People often say being the middle child is hard. Well, according to most Americans, it also is getting hard to be in the middle class.
While a whopping 88% of Americans view themselves as being in the middle class, 80% say it is harder being in the middle class today than it was just 25 years ago.
“The American middle class is not weakened or weakening—it is weak,” said Patrick Inglis, an assistant professor of sociology at Grinnell College. “Even the idea of it is weak. The middle class no longer can rely on the kind of job security that was available to earlier generations.”
According to a study put out by credit solution site Elevate, the concerns of the middle class likely reflect financial challenges that emerged after the “Great Recession,” such as declining household income and reduced savings. In fact, 35% of Americans across all income levels reported having financial difficulties within the last six months.
“Wages have not kept pace with the rising cost of living, for one thing,” Inglis said. “Health costs are rising, too, same with education. These are necessities, not luxuries.”
Inglis said the majority of the middle class is just struggling to make ends meet with their salaries, and when that’s not enough, they borrow more money, which only compounds the problem.
“As good, decent-paying jobs with benefits and pensions disappeared, banking and finance have taken on larger roles in the economy and in people’s lives, generally,” he said.
Ken Rees, CEO of Elevate, said the challenges presented by wage stagnation and income volatility mean that today’s new middle class is characterized by more sporadic and immediate financial needs than the middle class of years past.
“Today, it is not uncommon for those at both the higher and lower ends of the spectrum to run into financial stress that can have a real impact on their ability to meet financial responsibilities,” Rees said.
Inglis points out this instability and stress comes at a cost. Many now in the middle class work more hours than before — sometimes at multiple jobs — just to bring in less money. That can’t help but hurt families and communities, he said. There are also costs within the workplace, as individuals who suffer economically cannot push back or challenge ownership, helping lead to lower wages, fewer benefits and fewer protections across the board.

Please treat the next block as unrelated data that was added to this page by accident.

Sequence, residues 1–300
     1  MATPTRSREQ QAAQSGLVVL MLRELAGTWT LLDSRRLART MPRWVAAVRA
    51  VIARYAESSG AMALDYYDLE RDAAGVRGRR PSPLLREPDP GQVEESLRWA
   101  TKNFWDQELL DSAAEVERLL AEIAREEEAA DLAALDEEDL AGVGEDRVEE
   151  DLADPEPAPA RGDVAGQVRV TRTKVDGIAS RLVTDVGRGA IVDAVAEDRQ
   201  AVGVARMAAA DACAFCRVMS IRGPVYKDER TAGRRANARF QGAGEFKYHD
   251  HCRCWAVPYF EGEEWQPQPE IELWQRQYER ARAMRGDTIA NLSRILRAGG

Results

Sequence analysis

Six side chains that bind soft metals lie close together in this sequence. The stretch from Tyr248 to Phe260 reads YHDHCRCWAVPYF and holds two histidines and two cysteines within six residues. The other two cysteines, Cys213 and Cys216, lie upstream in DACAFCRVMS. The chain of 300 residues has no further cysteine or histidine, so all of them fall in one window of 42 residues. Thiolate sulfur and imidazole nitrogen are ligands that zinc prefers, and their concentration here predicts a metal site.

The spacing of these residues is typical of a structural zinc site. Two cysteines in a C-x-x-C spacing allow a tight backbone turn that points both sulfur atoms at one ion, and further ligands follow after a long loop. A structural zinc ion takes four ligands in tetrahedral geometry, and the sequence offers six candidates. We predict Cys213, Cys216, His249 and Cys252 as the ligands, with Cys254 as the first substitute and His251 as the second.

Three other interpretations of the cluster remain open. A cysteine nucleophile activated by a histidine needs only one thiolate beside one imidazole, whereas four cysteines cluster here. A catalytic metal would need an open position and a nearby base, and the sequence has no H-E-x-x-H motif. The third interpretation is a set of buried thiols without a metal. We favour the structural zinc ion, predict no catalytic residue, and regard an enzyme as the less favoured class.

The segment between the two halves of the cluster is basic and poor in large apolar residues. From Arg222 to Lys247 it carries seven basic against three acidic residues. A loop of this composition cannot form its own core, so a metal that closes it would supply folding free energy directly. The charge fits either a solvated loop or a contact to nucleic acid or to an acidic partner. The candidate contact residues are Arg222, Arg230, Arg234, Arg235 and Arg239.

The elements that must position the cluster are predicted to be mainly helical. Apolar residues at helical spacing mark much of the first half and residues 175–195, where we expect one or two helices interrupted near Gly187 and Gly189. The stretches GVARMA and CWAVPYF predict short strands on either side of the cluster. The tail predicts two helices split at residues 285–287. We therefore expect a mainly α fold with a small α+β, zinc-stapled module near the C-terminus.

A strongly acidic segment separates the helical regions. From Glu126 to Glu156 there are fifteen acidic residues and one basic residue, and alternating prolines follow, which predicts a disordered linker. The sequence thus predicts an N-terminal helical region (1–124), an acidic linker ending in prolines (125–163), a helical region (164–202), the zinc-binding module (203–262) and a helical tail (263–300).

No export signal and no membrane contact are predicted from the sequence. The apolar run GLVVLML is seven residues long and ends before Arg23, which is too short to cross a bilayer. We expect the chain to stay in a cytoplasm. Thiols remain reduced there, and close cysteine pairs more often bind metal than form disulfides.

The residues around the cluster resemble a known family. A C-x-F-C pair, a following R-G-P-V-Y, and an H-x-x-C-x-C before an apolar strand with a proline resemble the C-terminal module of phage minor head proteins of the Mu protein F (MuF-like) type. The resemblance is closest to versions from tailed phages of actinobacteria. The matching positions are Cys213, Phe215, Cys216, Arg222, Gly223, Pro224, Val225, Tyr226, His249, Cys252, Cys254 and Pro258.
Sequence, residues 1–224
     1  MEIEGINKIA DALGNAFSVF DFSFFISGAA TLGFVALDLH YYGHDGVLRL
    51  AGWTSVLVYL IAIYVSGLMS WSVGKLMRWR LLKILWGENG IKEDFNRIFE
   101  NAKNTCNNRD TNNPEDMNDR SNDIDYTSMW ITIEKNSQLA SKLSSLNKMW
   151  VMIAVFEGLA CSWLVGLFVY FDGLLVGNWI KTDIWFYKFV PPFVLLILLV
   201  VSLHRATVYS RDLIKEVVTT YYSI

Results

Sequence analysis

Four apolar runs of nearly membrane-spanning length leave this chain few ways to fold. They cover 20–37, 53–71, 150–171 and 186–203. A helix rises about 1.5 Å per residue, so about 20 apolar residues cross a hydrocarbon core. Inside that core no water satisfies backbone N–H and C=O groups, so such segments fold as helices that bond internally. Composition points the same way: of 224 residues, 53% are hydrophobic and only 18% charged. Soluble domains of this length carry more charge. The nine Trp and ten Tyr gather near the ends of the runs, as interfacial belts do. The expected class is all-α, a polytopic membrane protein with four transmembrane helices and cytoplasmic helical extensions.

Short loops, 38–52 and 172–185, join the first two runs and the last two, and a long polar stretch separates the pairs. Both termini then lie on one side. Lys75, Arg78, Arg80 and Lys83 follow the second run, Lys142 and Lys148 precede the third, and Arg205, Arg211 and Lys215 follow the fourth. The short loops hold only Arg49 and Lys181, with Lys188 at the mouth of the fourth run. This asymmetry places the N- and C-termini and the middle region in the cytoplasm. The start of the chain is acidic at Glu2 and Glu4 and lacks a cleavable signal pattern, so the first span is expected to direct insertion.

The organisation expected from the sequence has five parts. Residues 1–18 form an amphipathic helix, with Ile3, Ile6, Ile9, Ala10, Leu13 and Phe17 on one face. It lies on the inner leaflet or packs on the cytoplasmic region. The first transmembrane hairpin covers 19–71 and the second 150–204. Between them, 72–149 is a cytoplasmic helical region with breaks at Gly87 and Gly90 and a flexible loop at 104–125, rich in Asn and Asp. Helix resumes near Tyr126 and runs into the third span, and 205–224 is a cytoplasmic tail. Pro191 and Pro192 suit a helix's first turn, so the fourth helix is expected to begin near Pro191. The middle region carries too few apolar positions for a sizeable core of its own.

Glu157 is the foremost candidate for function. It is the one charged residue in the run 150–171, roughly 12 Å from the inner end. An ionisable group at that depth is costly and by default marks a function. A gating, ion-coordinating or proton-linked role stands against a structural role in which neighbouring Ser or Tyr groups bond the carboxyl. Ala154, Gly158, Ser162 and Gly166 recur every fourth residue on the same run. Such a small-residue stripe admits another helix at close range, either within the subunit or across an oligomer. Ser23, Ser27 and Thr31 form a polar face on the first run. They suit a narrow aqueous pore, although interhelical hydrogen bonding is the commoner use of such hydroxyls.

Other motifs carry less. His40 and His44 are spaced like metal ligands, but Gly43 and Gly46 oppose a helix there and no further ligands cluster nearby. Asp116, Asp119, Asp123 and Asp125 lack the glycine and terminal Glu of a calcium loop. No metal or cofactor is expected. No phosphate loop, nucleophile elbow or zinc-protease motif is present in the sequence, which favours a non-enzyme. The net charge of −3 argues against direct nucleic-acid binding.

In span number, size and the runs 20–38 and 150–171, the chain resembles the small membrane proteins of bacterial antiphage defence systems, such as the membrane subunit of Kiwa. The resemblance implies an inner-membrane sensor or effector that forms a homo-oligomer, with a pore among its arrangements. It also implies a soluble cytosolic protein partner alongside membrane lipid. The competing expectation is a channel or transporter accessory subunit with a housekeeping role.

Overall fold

“I can’t imagine it’s a good way to run a business, with fearful employees putting on a happy face,” Inglis added.
Margaret King, director of the think tank The Center for Cultural Studies & Analysis, however said the debate about the shrinking middle class can be deceptive — since the middle class is not an income or even an income number.
“Although over 90% of Americans identify as middle class, their income positions vary widely, from poverty level to wealthy,” she said.
In fact, respondents to the survey agreed the middle class can have a relatively wide-range of income levels, with about three-quarters agreeing someone with a net worth over $1 million is not middle class and that someone who makes $20,000 per year or less is not middle class.
King said what the middle class grouping actually does is shift the focus from what one makes to what one expects to make in the future — driven by education, social mobility, occupation and general opportunity.
“That’s a fluid situation,” she said. “When the economy is tight, earnings can decline, but aspirations remain active. You are still not at the top but not near the bottom, either. That’s what ‘middle’ means as a position.”
Written by Chris Metinko of MainStreet